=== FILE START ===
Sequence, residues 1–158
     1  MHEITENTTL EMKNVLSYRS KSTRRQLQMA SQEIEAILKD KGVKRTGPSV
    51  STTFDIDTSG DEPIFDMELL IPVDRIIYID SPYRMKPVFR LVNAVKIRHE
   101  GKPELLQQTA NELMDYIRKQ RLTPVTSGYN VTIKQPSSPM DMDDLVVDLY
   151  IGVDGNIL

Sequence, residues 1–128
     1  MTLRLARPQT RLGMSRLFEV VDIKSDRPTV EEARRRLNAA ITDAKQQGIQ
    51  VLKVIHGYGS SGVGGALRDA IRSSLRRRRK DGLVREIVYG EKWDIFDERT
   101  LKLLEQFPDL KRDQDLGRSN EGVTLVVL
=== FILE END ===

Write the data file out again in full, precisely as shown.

Sequence, residues 1–158
     1  MHEITENTTL EMKNVLSYRS KSTRRQLQMA SQEIEAILKD KGVKRTGPSV
    51  STTFDIDTSG DEPIFDMELL IPVDRIIYID SPYRMKPVFR LVNAVKIRHE
   101  GKPELLQQTA NELMDYIRKQ RLTPVTSGYN VTIKQPSSPM DMDDLVVDLY
   151  IGVDGNIL

Sequence, residues 1–128
     1  MTLRLARPQT RLGMSRLFEV VDIKSDRPTV EEARRRLNAA ITDAKQQGIQ
    51  VLKVIHGYGS SGVGGALRDA IRSSLRRRRK DGLVREIVYG EKWDIFDERT
   101  LKLLEQFPDL KRDQDLGRSN EGVTLVVL